Campground facilities include comfort stations with hot showers, flush toilets, and electrical outlets. All campgrounds have dump stations, and several offer cable TV hookups. Most parks have laundry facilities and a camp store. Additional facilities may include lodges, interpretive centers, nature programs, watercraft rentals, and multi-use trails.

Cost

The average rate is $30–$35 per night. Prices are displayed on each park’s website, and per site / per date in the reservation system.

Additional Fees:

Vehicle entry fee: $5, or $50 for an annual pass

Change fee: One complimentary change is allowed. Any additional reservation changes are $10.

Cancellations up to 3 days prior to arrival: $10.

Cancellations within 3 days prior to arrival forfeit the first night’s fee.

Pet policies

Pets are allowed as long as they’re kept on a leash no longer than 6 feet. And of course, campers should always pick up after their pet.

Additional regulations

  • Maximum occupancy per site: 2 vehicles, 6 people 
  • Check-in time: 1 p.m. Check-out time: 12 p.m.
  • Quiet hours: 10 p.m. to 7 a.m.
  • Alcoholic beverages: Prohibited in public-use areas.
  • Generator use: Prohibited during quiet hours.
  • Campfires: Allowed in designated rings or pits, following local advisories.
  • Drone use: Prohibited. 
Palisades State Park

Featured Campgrounds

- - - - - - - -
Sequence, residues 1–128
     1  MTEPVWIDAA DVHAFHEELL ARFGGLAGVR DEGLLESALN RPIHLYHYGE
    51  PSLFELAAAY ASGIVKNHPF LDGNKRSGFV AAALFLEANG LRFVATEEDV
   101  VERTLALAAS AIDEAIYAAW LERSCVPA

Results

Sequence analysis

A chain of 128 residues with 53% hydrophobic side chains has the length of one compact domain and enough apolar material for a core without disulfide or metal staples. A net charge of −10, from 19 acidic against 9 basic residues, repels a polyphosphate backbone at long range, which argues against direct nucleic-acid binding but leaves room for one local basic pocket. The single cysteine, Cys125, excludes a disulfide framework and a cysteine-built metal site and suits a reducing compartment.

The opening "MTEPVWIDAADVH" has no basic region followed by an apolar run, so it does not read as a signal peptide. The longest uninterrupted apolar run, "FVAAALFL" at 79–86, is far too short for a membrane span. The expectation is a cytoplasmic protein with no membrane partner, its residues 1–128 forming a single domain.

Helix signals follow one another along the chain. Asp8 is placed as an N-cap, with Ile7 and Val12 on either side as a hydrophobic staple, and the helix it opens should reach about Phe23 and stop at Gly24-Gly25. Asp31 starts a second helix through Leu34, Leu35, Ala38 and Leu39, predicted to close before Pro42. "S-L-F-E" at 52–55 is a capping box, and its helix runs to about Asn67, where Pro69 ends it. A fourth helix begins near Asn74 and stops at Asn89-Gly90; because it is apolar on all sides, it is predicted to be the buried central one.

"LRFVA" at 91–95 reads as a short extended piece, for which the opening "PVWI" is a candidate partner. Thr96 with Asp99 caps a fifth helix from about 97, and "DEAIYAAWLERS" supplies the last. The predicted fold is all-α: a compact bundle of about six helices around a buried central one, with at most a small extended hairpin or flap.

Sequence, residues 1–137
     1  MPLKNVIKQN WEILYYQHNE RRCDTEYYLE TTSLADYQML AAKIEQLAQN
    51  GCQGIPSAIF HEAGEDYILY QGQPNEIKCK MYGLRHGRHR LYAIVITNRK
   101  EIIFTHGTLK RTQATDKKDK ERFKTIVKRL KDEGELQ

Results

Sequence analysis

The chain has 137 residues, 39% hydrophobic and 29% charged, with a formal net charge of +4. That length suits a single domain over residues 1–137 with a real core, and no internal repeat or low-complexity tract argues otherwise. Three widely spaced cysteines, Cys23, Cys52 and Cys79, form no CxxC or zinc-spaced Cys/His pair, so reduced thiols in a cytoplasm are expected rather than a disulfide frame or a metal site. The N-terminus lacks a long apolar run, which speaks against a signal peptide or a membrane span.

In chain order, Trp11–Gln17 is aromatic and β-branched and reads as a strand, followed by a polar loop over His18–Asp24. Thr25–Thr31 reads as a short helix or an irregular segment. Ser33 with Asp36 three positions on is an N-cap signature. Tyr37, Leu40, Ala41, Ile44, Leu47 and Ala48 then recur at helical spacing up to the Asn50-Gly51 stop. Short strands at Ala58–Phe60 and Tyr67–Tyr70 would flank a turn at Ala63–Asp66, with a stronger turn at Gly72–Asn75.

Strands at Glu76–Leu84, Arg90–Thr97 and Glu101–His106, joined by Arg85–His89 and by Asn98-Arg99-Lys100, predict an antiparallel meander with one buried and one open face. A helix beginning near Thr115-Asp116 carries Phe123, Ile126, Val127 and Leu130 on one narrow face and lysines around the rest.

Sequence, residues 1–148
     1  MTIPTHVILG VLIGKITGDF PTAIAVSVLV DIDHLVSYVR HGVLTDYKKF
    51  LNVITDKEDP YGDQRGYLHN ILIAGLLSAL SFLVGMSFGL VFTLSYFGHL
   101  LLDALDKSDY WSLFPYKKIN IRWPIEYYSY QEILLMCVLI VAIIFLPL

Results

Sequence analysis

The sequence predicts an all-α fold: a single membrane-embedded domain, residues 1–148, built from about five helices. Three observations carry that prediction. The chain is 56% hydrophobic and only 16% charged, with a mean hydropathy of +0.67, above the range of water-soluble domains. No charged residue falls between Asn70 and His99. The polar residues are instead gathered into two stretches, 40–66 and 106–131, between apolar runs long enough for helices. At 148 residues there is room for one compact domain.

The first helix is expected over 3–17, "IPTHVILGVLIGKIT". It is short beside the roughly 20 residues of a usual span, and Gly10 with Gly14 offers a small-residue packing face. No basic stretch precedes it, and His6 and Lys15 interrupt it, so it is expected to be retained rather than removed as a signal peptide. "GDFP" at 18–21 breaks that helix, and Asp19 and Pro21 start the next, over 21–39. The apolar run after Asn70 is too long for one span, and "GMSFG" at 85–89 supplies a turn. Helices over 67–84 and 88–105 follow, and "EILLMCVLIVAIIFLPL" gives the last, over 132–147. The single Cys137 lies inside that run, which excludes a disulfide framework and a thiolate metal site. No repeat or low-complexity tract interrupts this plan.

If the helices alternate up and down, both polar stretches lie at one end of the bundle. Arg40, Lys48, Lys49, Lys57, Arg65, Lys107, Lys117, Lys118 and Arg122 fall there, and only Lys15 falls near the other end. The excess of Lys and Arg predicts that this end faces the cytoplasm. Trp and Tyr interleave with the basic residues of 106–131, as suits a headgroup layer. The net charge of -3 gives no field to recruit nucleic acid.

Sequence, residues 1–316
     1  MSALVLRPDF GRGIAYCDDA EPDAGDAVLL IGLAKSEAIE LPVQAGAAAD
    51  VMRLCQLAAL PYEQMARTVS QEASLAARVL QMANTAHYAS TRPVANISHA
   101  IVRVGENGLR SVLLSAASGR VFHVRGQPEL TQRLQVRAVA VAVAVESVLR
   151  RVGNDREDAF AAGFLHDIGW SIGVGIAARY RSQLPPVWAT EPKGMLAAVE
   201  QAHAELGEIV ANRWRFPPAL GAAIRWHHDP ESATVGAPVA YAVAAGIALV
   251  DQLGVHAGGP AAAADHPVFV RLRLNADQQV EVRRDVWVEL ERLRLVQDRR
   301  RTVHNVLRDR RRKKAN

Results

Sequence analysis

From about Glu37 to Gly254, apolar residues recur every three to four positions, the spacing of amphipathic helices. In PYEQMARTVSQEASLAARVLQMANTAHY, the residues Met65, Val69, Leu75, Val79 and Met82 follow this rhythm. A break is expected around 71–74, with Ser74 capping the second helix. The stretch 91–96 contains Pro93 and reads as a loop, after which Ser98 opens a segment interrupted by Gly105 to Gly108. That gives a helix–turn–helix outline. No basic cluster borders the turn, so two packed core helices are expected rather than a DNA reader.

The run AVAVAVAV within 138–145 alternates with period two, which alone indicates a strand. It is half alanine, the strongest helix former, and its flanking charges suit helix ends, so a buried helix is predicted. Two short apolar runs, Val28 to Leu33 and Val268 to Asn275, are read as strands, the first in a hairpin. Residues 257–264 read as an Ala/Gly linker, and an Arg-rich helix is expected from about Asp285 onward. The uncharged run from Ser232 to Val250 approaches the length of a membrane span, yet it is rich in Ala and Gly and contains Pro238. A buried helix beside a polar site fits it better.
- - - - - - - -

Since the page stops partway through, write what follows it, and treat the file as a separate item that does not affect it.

Skidaway Island State Park

52 Diamond Causeway, Savannah, GA 31411

Immerse yourself in the iconic Southern Georgia landscape by camping among live oaks dripping with Spanish moss. This beautiful barrier island state park feels like its own world, yet is located just outside a village with stores, and only 20 minutes from downtown Savannah. Skidaway Island State Park is the perfect base to tour the area, including the nearest open-ocean beach at Tybee Island. Hiking trails wind through maritime forest and salt marshes, with a boardwalk and wildlife observation tower. Historical sites along the trails include Civil War earthworks and moonshine stills from the Prohibition era.

Skidaway Island is one of the few Georgia state parks whose campground has some full-hookups sites, although there are less than 20 and they get booked up fast. That leaves around 70 additional sites with partial hookups, and all the campsites can accommodate big rigs with room to spare. Well-maintained restrooms, laundry facilities, WiFi, and decent cell service add to the comforts of this notable campground.

Vogel State Park

405 Vogel State Park Road, Blairsville, GA 30512